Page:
Pooled Analysis: Conclusion

In conclusion and with the caution that is clearly due when you commence exploratory subgroup analysis from prospective trials, the indications are that the stage of the disease, the tumour burden, the tumour size, the performance status, bilirubin and albumin in both arms, placebo and sorafenib, are prognostic for overall survival.

The benefit of sorafenib was consistent across all the subgroups and sorafenib seems to give an enhanced benefit to patients with hepatitis C with less tumour burden and without extrahepatic disease.

Real-World Evidence: The GIDEON Study

Going from the randomised trials to real practice, the GIDEON study, which is a prospective, non-randomised observational non-interventional study examined the real-world practice of patients with unresectable hepatocellular carcinoma treated with sorafenib.  The study involved 39 countries in five regions of the world and enrolled more than 3,300 patients.

GIDEON versus Randomised Controlled Trials: Initial Dose

I will focus on the starting dose of sorafenib, which is one of the open issues and we'll find that compared to the randomised trials where 100% of patients started with the full dosage, in real practice there is about 80% of patients that start with the full dosage with a difference in the various regions of the world with Latin America – I am sorry, this is the overall, which is a little less than 80%, Latin America, Europe and Asia Pacific tends to use the recommended dosage as starting dose, while Japan and the USA tend to use a lower dosage, mainly the 400mg dose to start.

Please get ready to vote

Now there is a question for you.  Do you think that initiating sorafenib therapy at lower doses reduces the incidence of adverse events?  If you believe that this is true vote 1; if you believe that this is false, please vote 2.


Interestingly there is about half of the audience believing that the lower doses led to a reduced incidence of adverse events while the remaining half believe that this is not true. 

GIDEON Study: European Population

The analysis of the European subgroup of patients in the GIDEON study, which is quite a large number of patients, which is about 1,100 patients, indicates that adverse events of all grades, grade 3, grade 4, drug related, serious adverse events, are not superior in terms of incidence and severity if you analysed the cohort treated with 400mg/day compared to the 800mg/day and in some cases the adverse events appeared even more frequently in the patients treated with 400mg compared to 800.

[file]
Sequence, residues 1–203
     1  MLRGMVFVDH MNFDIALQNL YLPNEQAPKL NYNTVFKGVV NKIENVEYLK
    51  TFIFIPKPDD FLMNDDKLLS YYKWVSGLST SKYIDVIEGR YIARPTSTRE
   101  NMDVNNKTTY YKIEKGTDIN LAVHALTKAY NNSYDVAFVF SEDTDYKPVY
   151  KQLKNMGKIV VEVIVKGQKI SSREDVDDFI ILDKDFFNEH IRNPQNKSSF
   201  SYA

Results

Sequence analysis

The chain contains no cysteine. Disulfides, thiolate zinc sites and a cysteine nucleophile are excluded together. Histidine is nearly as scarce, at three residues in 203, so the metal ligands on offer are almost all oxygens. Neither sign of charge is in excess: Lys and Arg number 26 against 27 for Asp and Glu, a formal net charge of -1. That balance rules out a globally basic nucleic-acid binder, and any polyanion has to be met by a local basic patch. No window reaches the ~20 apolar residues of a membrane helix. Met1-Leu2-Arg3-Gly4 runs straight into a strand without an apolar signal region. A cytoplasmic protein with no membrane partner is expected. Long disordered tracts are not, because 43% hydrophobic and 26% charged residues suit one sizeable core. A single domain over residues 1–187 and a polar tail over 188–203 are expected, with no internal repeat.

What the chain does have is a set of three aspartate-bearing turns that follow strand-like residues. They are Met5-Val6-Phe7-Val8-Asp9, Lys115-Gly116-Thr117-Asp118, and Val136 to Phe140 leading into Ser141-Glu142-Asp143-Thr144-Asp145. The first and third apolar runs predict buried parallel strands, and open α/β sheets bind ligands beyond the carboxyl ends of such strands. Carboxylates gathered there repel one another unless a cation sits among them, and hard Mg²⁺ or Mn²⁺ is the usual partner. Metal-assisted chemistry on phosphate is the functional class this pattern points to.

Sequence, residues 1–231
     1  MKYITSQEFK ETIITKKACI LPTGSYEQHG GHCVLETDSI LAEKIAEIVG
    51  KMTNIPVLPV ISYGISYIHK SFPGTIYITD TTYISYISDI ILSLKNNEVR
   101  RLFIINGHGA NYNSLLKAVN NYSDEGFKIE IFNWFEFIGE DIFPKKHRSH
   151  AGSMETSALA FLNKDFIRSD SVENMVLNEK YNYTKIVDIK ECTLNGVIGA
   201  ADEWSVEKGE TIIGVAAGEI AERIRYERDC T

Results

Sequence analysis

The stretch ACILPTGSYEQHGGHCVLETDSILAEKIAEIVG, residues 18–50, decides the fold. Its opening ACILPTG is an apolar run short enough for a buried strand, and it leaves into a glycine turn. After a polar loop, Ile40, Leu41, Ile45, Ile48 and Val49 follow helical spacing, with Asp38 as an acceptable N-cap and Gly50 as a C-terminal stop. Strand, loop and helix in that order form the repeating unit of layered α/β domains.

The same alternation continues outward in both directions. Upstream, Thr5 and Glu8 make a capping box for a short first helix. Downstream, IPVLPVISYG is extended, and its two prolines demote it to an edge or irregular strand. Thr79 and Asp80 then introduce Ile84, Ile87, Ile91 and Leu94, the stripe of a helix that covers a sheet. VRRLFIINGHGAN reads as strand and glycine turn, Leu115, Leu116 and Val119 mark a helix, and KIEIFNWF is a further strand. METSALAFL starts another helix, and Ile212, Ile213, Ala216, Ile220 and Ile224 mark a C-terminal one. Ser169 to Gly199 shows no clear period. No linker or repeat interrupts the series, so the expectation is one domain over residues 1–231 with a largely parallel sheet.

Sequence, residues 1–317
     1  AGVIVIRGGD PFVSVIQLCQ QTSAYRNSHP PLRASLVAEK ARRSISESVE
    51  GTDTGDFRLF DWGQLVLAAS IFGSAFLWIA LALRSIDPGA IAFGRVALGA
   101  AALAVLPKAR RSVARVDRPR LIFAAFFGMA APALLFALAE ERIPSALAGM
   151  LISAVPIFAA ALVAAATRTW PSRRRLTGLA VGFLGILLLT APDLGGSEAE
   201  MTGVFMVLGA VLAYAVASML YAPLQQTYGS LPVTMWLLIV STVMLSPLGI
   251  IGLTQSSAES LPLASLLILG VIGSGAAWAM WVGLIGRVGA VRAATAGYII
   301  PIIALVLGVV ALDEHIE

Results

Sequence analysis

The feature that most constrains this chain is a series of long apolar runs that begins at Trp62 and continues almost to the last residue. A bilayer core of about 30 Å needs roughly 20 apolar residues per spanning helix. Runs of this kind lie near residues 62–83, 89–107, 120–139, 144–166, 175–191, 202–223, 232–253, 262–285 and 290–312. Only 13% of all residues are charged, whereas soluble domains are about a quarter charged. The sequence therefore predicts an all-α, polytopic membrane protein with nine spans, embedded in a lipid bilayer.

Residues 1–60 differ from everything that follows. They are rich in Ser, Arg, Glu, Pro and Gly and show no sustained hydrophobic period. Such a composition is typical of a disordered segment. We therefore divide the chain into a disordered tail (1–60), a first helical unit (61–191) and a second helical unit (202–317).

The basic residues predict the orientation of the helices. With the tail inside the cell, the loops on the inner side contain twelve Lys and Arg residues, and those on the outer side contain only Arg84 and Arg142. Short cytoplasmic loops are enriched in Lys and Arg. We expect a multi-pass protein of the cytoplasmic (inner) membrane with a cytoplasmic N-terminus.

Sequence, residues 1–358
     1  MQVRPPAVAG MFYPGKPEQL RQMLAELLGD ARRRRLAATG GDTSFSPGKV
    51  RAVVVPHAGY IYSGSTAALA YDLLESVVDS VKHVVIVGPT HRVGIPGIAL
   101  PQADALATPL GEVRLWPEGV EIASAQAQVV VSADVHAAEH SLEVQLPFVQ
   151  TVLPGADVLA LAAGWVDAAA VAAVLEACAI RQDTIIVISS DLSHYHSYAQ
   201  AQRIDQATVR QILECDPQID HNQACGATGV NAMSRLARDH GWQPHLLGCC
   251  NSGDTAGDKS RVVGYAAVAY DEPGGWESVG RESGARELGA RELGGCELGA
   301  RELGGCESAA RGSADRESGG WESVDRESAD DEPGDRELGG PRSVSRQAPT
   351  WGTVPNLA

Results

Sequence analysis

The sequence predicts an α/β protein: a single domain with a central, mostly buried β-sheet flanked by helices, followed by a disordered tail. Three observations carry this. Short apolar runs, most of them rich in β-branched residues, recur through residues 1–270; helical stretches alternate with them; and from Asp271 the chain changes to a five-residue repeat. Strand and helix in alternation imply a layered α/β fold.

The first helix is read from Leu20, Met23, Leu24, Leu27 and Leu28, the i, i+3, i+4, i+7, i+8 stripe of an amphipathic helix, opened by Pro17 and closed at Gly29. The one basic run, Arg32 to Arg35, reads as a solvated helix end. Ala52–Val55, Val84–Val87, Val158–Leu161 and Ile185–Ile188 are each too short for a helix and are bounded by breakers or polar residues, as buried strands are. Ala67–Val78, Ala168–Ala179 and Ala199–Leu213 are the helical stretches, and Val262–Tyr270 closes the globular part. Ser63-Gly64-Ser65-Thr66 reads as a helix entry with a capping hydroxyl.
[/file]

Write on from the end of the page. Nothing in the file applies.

This indicates that in clinical practice we should try to start the treatment with recommended and registered 800mg doses, which of course doesn’t mean that in the presence of adverse events you do not have to reduce the dosage according to the recommendation of the regulatory agencies.

Gaps in Intermediate-Stage HCC: EASL-EORTC Guidelines

There are gaps also in the use of multikinase inhibitors in intermediate stage HCC, where the guidelines recommend the use of TACE as first-line treatment.

Real-World Evidence: Gaps in Advanced-Stage HCC

Before talking of intermediate stage HCC, I would like to call your attention on the fact that even in the advanced stage where the proof of evidence is quite strong in favour of a systemic therapy with sorafenib, still there is a very high percentage of patients in the real practice – these are data from the BRIDGE study, that are treated with TACE.  Indeed, if you look at this graph it comes out that TACE is the actual first-line treatment for patients with advanced hepatocellular carcinoma.  We think that we should change our minds first of all in the setting of advanced patients, because there is really no evidence whatsoever to use TACE in this setting of patients.

If you look at the stage B that represents the intermediate stage patients, those with cancer limited to the liver, that are not eligible for resection you have, even in this case, a very high prevalence of TACE, which apparently is more justified based on the recommendations of the guidelines.

TACE Unsuitability

We will see that there is something that we should change, because we know that there are some contraindications to TACE – some of them are absolute contraindications, for example the compensated cirrhosis, impaired portal vein blood flow, extensive tumour involvement to both lobes of the liver and there are some relative contraindications such as high risk of bleeding from oesophageal varices, large tumours some biliary pathology where TACE should not be used.

Progression after TACE: Current Guidelines

Also the major guidelines we have the EASL-EORTC, the ESMO, the AASLD and the Japan guidelines all recommend to start sorafenib when you have evidence that TACE is not effective.

For example, the EASL-EORTC guidelines recommend that BCLC patients not responding to two or three cycles of TACE should be offered sorafenib.  The same is true for all the other guidelines.

Please get ready to vote